Here are some other unintimidating mountain biking destinations, in or near the foothills, to consider:
South Table Mountain Park: There are multiple trailheads to ascend this mesa in Golden. The easiest ways are on the south side of the mesa from Quaker Street, Golden Hills Road or Camp George West Park. All three routes offer moderate climbs of a couple of hundred feet or so to the top of the mesa, where there are miles of relatively flat trails with great views, especially on the east and west edges of the mesa.
South Valley Park: This is one of Bollinger’s favorites among the Front Range’s easier mountain-biking destinations, in part because of the beautiful rock formations found there. It’s located just west of the hogback, south of Ken Caryl and north of Deer Creek Canyon Road.
Green Mountain (Hayden Park): Located on the west side of Lakewood, there are some good trails for beginners around the perimeter of the mountain that are best accessed from a trailhead on Rooney Road. Trails to the top aren’t technical but require 800 feet of climbing to reach the summit. There are other trailheads located along Alameda Parkway.
Marshall Mesa: Located south of Boulder just east of Colorado 93, there is good riding on the mesa, and trails there connect to a trail system with some easy riding on the other side of Highway 93 that includes the Community Ditch and Doudy Draw. Another option: From Marshall Mesa, head south via the Greenbelt Plateau and cross Highway 93 to Flatirons Vista.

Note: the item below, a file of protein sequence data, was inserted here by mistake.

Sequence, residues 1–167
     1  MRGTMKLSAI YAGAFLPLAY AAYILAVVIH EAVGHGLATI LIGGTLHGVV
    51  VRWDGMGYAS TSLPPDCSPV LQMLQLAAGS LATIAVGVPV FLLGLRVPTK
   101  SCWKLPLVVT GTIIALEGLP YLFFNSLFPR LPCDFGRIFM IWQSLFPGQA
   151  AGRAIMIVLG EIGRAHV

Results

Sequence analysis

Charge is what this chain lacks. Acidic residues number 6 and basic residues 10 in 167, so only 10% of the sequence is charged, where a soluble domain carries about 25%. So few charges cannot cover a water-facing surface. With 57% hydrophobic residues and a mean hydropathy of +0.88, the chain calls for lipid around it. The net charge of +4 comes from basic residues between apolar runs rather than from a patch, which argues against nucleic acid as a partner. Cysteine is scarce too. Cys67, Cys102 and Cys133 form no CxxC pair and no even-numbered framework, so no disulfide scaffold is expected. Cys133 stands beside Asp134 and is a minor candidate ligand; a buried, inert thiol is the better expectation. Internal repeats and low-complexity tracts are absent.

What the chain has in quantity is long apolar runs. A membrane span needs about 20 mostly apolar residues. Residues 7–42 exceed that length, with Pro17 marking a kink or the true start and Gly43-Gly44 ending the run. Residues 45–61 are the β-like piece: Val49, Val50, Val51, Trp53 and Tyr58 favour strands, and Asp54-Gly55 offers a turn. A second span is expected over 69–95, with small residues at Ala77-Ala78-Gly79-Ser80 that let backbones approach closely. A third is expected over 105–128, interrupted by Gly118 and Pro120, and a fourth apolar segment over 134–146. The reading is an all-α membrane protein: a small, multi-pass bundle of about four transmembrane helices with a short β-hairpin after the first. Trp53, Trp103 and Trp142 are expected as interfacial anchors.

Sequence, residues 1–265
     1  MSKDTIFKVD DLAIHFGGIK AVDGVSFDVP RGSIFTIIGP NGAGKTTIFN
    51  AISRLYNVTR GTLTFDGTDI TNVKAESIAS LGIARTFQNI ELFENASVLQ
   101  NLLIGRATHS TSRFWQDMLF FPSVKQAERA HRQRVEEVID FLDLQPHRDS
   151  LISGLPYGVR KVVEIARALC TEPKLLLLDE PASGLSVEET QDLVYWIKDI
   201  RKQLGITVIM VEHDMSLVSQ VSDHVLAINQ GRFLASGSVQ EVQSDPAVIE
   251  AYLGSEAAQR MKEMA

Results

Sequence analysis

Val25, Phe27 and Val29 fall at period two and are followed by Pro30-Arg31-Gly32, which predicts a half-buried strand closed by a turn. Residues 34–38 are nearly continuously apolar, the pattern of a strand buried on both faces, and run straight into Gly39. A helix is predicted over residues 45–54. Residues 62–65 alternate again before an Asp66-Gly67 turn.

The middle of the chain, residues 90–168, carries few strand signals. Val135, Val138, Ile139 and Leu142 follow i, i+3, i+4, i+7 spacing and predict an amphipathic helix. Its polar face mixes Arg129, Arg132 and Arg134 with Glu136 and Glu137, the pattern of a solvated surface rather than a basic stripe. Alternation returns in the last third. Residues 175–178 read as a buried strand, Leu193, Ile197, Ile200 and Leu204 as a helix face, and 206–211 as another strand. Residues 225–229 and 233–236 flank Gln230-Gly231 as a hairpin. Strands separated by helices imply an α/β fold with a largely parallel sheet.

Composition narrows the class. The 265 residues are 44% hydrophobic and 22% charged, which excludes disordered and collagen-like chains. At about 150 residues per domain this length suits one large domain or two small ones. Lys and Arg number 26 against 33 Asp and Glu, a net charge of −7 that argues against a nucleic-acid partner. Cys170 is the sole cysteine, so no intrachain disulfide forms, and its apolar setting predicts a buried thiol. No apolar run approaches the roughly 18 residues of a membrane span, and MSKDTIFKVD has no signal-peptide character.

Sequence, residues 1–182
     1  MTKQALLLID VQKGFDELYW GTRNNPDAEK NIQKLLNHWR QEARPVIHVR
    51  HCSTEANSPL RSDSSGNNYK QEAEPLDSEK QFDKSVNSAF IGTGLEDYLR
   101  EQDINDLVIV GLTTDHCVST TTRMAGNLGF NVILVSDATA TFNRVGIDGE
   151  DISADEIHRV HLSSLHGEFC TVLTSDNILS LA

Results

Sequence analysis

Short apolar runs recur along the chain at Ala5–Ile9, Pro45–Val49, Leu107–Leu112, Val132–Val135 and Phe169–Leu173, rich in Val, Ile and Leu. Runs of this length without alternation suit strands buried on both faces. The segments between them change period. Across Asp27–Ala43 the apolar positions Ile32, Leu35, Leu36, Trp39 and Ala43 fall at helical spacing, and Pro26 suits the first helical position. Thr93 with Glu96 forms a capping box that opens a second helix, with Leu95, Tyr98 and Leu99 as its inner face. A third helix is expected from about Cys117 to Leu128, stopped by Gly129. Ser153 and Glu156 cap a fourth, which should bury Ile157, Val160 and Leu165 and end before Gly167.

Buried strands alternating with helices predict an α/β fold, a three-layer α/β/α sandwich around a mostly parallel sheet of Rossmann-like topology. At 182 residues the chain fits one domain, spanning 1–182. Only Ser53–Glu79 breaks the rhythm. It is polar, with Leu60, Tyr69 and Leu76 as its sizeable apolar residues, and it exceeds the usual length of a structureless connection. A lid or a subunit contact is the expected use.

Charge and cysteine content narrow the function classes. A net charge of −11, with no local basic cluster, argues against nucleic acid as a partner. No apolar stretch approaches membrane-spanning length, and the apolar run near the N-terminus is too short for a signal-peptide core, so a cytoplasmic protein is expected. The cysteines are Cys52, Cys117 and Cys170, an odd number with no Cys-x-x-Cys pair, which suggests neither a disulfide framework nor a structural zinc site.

Alderfer/Three Sisters Park: This park near Evergreen has a good variety of generally flat trails and great scenery. “There are some technical spots that would be hike-a-bike (spots where the rider gets off the bike briefly), but you don’t have the classic Front Range climb of a thousand feet and descend,” Bollinger said. “It’s more of a network of trails that you can explore.”
Hildebrand Ranch Park: Both Bollinger and Raborn recommended this park, which is near South Valley Ranch but is located on the east side of the hogback near Chatfield Reservoir.
Elk Meadow Park: Located just south of Bergen Park and north of Evergreen, there are some good trails here for beginners. Just leave the Bergen Peak trail (which climbs 1,700 feet in less than 3 miles) to the experts.
Flying J Ranch Park: Located near Conifer, Raborn suggested this one as a good place to get out of the city and ride. “Not heavily trafficked by bikers,” Raborn said, “but very beginner-friendly.”
Final notes: Novice mountain bikers should educate themselves on trail etiquette. Courtesy and communication are important, especially on single-track trails, but there is an accepted hierarchy when riders approach each other. Mountain bikers are expected to yield to all other users — hikers, runners and horseback riders — and when two mountain bikers approach each other, downhill riders should yield to uphill riders.
There’s another important rule: “It’s never acceptable to ride off the trail,” Raborn said. “If you can’t pass another rider with you both staying on the trail, one or both of you need to stop.”
Subscribe to our weekly newsletter, The Adventurist, to get outdoors news sent straight to your inbox.